It has been two years since I started my PhD and one thing that fascinated me has been how other people came up with their research topic. I had even started thinking that it would be a great subject to look into once I submitted my thesis – hopefully a year from now. Of course, that meant it was pretty much on hold, which was frustrating. Indeed, I even had a rough idea as to how I was going to collect research – probably starting off with interviews of PhD students at whatever university I would be based at. Of course, I would have to somehow convince others that knowing how PhD students come up with research topics was worthwhile or, in the current parlance, had impact.
The first time I raised PhD origins as a topic of research was in a tweet with The Thesis Whisperer, aka Dr Inger Mewburn. I can’t remember if I came across her blog because, like mine, it was hosted on WordPress or through Twitter. Either way, I noticed that her profile said she did “research on research” so I asked her if she had ever done anything on the origin of PhD topics. Her response was very positive. At this point, I was still thinking that the idea would be something to do post-PhD.
Some time later, lying in bed in the middle of the night, I had an idea for a graduate conference that, amongst other things, focused on the journey of a PhD from a tweet in the imagination to a full-blown thesis. I immediately tweeted the idea using the hashtag #phdchat, which I guess is like a discussion group for PhD students and academics on Twitter. I even called it ‘From Tweet to Thesis’ and started my own hashtag #fromtweettothesis. Again, the response was one of positivity and curiousity. Indeed, a couple of more experienced tweeters and bloggers, Salma Patel and Dr Sarah Quinnell have been very good sounding boards.
The conference idea is still on the drawing board, in the earliest stages, but after some time, I realised that the title ‘From Tweet to Thesis’ represented precisely what I envisaged with my interest in the origin of PhD topics. From tiny, 140-character tweets (of the imagination) mighty theses grow, only to become like tweets again in abstracts and conversations.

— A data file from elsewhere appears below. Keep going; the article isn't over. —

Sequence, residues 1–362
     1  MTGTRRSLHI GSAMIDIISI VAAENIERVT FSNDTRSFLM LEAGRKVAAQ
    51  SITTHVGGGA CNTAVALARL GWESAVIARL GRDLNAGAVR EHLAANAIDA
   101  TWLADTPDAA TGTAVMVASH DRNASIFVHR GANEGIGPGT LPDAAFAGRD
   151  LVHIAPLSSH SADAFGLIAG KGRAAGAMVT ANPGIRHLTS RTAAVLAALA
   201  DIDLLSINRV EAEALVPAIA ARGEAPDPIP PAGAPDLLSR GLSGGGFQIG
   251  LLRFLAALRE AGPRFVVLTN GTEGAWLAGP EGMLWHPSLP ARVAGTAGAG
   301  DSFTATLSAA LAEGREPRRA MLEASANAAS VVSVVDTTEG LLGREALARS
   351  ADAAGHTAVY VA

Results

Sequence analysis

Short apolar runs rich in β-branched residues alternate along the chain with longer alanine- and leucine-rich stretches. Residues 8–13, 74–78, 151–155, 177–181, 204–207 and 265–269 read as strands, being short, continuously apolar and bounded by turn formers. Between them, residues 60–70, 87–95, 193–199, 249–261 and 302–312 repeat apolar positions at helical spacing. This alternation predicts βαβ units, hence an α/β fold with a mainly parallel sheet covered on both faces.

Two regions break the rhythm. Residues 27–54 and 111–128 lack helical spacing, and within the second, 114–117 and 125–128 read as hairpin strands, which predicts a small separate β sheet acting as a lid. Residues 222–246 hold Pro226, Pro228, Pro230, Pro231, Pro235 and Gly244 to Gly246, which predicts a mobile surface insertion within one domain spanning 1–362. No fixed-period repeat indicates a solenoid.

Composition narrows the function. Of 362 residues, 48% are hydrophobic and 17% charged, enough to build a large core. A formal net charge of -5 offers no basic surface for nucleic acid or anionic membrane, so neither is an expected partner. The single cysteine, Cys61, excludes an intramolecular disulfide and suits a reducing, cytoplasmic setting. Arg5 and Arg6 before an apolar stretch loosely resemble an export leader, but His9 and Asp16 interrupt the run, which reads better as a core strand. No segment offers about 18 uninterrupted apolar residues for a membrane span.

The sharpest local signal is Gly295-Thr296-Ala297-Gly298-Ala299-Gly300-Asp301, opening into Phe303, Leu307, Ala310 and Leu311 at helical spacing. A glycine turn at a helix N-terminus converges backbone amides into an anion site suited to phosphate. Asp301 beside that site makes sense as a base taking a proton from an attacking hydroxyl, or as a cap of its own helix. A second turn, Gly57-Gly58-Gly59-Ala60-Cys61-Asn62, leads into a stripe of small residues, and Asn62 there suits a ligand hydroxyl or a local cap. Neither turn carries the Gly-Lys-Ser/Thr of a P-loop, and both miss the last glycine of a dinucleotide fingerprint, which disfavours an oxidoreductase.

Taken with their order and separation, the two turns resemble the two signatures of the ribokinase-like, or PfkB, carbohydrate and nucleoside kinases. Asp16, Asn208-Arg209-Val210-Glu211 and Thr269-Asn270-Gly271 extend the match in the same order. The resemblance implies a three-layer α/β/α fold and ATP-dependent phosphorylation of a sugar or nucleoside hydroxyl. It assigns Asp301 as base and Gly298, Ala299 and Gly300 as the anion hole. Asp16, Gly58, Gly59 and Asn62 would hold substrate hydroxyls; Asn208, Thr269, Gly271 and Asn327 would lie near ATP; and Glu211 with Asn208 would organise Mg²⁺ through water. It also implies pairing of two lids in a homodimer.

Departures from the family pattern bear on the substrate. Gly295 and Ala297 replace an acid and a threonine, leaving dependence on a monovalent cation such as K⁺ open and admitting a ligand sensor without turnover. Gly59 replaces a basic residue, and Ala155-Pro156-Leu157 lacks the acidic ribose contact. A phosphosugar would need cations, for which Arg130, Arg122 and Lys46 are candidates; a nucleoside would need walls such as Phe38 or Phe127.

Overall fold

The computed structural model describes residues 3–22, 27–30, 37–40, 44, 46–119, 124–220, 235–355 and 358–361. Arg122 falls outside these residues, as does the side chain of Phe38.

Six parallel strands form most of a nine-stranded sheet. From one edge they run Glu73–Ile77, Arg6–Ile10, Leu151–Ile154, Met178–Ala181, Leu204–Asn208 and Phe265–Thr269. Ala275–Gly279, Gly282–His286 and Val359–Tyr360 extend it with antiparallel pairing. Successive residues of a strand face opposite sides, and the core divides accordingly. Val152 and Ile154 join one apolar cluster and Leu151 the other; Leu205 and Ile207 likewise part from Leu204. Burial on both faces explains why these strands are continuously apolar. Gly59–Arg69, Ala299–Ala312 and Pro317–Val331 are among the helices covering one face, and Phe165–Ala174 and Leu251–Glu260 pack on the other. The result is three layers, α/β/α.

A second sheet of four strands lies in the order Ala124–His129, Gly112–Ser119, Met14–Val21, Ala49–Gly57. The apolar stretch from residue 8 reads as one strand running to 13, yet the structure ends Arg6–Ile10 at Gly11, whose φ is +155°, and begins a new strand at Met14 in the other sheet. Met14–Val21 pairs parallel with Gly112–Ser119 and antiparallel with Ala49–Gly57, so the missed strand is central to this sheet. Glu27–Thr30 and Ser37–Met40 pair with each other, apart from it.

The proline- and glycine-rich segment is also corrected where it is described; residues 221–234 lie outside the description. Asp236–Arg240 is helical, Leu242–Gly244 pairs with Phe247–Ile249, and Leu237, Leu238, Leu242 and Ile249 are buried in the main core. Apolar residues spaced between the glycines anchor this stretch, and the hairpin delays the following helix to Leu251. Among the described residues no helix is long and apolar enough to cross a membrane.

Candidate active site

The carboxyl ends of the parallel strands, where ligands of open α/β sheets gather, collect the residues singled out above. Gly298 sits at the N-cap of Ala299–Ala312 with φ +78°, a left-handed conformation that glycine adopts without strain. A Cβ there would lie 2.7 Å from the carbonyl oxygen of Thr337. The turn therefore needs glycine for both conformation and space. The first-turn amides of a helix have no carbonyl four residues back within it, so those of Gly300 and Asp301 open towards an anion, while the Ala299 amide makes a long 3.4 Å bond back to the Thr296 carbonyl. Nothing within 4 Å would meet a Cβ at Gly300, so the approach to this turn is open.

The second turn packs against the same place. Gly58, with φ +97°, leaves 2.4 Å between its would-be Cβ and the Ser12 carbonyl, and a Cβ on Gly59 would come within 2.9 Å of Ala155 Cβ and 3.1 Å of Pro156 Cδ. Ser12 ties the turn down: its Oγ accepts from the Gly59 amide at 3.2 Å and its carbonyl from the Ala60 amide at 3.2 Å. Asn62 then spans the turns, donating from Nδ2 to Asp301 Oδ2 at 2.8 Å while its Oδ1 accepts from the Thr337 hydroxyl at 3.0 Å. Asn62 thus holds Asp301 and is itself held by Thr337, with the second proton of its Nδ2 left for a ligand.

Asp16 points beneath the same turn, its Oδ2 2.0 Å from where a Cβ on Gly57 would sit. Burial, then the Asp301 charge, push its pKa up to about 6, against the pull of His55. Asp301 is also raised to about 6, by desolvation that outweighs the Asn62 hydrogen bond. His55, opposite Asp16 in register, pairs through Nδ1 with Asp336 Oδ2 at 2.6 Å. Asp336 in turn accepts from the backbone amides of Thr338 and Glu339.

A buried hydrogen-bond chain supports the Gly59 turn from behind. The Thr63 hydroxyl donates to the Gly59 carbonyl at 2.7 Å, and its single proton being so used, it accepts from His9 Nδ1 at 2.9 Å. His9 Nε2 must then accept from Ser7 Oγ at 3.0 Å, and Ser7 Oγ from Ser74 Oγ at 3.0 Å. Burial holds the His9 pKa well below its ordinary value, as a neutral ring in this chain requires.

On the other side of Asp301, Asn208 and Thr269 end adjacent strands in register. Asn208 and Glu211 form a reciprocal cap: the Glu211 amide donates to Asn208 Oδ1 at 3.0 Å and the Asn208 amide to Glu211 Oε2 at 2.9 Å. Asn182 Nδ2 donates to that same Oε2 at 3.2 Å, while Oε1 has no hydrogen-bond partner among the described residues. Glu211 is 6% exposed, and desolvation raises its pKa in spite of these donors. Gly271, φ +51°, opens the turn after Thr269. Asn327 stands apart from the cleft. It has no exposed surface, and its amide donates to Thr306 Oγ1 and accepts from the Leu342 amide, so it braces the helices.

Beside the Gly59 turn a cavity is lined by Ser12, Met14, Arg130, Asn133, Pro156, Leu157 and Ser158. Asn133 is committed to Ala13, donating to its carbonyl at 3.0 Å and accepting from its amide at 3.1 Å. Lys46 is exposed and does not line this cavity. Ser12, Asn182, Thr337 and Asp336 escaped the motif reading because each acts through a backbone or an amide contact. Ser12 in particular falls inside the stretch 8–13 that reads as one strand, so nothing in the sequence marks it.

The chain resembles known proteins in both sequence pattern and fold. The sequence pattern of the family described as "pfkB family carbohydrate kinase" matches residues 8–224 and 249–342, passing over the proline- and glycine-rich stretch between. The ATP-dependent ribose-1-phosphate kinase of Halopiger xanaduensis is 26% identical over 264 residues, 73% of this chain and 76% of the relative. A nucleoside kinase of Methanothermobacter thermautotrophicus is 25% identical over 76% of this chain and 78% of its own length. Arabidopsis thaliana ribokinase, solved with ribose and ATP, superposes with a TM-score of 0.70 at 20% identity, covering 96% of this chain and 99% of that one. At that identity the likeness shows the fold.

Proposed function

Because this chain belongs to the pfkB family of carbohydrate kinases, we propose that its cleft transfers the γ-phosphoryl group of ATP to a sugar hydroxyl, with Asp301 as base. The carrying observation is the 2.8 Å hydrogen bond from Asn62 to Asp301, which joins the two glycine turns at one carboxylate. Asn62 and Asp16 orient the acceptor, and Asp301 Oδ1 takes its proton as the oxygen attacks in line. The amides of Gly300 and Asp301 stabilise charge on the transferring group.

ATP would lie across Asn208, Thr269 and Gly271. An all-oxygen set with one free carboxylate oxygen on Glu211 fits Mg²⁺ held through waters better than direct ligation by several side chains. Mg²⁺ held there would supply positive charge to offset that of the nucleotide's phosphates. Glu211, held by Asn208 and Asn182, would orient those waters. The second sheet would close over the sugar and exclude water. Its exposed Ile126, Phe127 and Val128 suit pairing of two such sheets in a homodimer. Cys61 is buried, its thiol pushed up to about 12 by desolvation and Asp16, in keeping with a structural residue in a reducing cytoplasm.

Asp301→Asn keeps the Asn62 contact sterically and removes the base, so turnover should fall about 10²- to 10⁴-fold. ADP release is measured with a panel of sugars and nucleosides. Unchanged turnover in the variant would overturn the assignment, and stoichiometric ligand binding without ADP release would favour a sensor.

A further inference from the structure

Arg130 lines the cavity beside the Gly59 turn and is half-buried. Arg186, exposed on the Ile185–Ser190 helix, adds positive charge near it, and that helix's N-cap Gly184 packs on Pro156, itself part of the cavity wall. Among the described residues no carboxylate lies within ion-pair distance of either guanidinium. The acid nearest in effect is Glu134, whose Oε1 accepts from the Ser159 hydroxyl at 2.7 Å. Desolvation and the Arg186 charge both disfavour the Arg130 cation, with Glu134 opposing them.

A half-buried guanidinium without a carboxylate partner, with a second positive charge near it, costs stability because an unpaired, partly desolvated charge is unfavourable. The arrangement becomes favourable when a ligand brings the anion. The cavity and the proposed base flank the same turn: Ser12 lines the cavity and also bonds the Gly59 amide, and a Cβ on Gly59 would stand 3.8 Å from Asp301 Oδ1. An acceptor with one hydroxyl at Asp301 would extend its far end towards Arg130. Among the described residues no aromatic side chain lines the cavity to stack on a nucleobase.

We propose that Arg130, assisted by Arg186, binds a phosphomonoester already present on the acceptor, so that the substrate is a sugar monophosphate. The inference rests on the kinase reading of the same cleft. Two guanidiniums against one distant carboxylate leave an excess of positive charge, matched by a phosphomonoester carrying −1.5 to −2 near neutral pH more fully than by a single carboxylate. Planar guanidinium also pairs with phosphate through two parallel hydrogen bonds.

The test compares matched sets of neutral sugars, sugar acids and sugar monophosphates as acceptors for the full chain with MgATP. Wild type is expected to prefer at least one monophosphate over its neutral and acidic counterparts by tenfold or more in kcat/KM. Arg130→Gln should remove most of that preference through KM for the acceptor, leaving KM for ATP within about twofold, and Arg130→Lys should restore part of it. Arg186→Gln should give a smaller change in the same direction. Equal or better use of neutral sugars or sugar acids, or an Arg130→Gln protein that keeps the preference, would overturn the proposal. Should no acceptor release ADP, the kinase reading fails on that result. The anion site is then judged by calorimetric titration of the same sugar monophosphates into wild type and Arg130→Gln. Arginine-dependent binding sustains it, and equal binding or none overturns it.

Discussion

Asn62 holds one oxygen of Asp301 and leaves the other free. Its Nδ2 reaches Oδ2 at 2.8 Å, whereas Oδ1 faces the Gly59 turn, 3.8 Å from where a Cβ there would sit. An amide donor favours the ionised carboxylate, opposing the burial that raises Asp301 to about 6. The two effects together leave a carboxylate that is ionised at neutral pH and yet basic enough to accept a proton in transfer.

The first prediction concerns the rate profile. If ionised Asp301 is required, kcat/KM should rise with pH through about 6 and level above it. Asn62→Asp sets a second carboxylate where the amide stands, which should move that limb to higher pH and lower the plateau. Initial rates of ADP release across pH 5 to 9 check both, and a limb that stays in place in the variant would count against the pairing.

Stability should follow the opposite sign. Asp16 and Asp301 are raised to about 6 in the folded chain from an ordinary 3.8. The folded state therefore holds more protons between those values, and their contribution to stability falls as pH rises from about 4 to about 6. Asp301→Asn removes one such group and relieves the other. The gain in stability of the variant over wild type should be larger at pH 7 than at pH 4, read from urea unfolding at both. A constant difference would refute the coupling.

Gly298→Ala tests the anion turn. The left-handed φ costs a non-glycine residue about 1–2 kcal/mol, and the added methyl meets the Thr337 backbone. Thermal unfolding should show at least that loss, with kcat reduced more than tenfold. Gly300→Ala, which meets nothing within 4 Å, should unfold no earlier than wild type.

Now, by that point, I had been blogging for some time. It was a dialectically academic and non-academic blog, where I pretty much wrote about whatever came to mind – PhD stuff, current affairs with a bit of theory, religion and so on. I had subscribed to a few other blogs and I was following quite a few interesting people on Twitter. Through interacting with others, by commenting on blog posts or replying to tweets and even initiating conversations, I slowly started learning about the possibilities of social media. Then, I wanted to emulate others and get them to contribute to my blog, with some success.
Eventually, through this experience, I found a way that I could investigate how PhD students come up with their research topics. I could start a new blog called ‘From Tweet to Thesis‘. It meant that I didn’t have to wait until I finished my PhD. How did I get round the problem of actually collecting data, without spending time on doing interviews? Well, I just get people to contribute their own stories as blog posts.
It is easy and free to promote the blog, thereby attracting viewers and contributors (participants). Firstly, I use appropriate tags for each post. I tweet about the posts, using PhD and academic hashtags, such as #phdchat and #lovehe. I can also invite specific people to contribute directly. Both methods work and so far four people have contributed posts, with more who have indicated an interest in contributing (whatever that means). Of course, as with offline research, finding participants does look like being the biggest challenge.
Maybe using a blog for a personal research project doesn’t work for all topics or methods. I was specifically interested in personal narratives, so the individual nature of blogging is perfect for that. I am aware of quantitative research that has used an online tool like surveymonkey, promoted via Twitter.
Now, for me personally, the purpose of ‘From Tweet to Thesis’ was very much theoretical. But, the feedback and comments received from contributors and readers has indicated that the research may have some wider impact. (Obviously this a question for debate and not why I started the blog, but it certainly is an ego boost.) Firstly, it may help to engage the public in academic research, by showing that PhD students and academics are ordinary members of society and research is driven is what happens in society. Secondly, it could act as a source of inspiration for PhD students and people interested in doing PhDs. Thirdly, as a blog, it means that the ‘data’ is publicly available.